Town Hall        


Rolling stockEdit

A Cranbourne bound High Capacity Metro Train arriving at Hughesdale station

The Cranbourne line uses a fleet of electric multiple unit (EMU) High Capacity Metro Trains operating in a seven-car configuration, with three doors per side on each carriage and can accommodate of up to 1,380 passengers in each train-set. Shared with the Pakenham, Sunbury, and Airport lines, the rolling stock will consist of 70 High Capacity Metro Trains (HCMT), once fully delivered.[66] They are built in Changchun, China, with final assembly occurring in Newport, Melbourne, by Evolution Rail, a consortium composed of CRRC Changchun Railway Vehicles, Downer Rail and Plenary Group.[67]

Previously, the Cranbourne line was served by a fleet of Comeng and Siemens Nexas trains. The oldest Comeng trains (stage 1 and some stage 2) have been retired and scrapped as part of the HCMT introduction, however, some of these trains have been displaced onto other Melbourne metropolitan lines.[68][69]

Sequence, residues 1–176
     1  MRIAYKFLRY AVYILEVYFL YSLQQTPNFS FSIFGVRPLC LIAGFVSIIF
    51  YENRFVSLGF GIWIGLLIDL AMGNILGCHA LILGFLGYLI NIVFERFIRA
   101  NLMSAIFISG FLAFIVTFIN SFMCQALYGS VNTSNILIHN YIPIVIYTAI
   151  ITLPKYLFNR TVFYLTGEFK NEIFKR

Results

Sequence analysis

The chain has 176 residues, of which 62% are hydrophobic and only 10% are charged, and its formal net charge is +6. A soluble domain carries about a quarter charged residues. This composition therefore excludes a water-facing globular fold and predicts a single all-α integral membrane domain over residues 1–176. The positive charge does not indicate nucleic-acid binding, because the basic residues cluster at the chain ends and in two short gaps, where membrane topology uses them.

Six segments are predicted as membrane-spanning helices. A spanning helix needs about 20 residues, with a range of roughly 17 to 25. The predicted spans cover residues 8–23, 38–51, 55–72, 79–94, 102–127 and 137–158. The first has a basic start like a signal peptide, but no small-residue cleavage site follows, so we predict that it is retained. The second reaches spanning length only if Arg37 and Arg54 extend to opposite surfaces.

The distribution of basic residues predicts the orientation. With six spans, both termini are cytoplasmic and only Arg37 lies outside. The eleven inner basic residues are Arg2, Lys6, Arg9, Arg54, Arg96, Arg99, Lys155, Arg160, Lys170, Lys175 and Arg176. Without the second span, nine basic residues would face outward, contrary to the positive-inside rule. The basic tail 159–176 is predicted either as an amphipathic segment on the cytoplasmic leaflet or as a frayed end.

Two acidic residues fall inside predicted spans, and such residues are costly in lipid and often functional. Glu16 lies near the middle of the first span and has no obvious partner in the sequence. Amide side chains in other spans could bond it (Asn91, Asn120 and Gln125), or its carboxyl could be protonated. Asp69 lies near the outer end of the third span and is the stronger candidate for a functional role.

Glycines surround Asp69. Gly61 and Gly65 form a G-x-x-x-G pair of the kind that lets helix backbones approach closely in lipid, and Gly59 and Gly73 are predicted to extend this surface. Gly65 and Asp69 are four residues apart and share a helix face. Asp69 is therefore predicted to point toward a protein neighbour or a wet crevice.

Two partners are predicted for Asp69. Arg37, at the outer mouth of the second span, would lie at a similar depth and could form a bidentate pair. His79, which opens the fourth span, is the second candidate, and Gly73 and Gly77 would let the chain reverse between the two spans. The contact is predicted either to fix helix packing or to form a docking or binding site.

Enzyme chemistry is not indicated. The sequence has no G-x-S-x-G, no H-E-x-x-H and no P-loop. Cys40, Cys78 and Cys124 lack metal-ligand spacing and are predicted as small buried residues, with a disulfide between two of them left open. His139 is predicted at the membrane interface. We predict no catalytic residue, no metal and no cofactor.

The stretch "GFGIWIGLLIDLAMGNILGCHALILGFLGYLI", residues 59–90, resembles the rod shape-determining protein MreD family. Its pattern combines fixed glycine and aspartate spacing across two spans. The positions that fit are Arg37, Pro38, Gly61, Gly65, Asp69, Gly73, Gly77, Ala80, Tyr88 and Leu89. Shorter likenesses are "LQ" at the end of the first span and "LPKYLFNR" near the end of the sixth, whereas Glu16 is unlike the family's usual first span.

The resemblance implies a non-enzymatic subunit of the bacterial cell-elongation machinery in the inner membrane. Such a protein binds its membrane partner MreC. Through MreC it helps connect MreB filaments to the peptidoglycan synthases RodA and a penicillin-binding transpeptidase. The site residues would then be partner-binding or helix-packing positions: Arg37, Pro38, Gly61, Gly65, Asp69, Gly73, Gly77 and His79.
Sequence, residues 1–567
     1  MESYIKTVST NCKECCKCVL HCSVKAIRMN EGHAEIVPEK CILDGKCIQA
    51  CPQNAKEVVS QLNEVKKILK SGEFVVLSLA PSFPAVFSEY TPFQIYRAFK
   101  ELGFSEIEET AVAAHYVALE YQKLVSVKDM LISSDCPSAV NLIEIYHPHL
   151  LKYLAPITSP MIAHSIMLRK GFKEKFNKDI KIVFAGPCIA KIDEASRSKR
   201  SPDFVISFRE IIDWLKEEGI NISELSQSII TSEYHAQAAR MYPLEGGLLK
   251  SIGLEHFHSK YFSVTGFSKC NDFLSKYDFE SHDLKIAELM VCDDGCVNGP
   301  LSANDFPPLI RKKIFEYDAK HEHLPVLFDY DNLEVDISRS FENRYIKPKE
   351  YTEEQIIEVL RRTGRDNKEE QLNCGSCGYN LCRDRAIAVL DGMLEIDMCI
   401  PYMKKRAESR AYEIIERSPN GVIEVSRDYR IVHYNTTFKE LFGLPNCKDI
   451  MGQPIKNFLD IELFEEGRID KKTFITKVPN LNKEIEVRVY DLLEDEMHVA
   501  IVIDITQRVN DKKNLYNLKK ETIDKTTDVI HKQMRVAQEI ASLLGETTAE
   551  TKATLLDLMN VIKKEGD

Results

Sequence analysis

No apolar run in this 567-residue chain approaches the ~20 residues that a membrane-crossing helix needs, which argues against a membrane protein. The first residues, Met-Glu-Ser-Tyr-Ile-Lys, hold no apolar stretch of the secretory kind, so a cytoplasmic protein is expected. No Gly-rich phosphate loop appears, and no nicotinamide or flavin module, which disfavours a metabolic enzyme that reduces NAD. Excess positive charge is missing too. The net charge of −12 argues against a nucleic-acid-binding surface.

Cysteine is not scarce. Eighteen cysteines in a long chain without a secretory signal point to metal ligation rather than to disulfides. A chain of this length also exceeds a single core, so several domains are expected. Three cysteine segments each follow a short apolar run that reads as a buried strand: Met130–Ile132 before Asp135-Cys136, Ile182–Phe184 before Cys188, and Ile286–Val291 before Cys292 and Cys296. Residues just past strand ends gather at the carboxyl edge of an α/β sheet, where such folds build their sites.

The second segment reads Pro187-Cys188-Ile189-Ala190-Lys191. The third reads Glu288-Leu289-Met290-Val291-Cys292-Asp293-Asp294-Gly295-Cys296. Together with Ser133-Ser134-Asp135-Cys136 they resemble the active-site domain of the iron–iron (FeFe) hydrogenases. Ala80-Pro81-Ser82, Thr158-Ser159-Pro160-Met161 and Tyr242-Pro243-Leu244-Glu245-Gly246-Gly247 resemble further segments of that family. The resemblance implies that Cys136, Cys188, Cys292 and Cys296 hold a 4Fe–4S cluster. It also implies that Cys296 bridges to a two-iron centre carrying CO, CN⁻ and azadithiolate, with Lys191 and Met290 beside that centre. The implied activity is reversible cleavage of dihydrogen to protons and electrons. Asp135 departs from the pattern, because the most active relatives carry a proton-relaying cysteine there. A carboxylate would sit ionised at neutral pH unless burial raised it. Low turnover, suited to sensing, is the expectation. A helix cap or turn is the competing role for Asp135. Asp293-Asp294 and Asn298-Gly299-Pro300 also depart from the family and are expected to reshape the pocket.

Alongside the passenger trains, Cranbourne line tracks and equipment are maintained by a fleet of engineering trains. The four types of engineering trains are: the shunting train; designed for moving trains along non-electrified corridors and for transporting other maintenance locomotives, for track evaluation; designed for evaluating track and its condition, the overhead inspection train; designed for overhead wiring inspection, and the infrastructure evaluation carriage designed for general infrastructure evaluation.[70] Most of these trains are repurposed locomotives previously used by V/Line, Metro Trains, and the Southern Shorthaul Railroad.[70]


The rebuilt Clayton station that complies with DDA guidelines.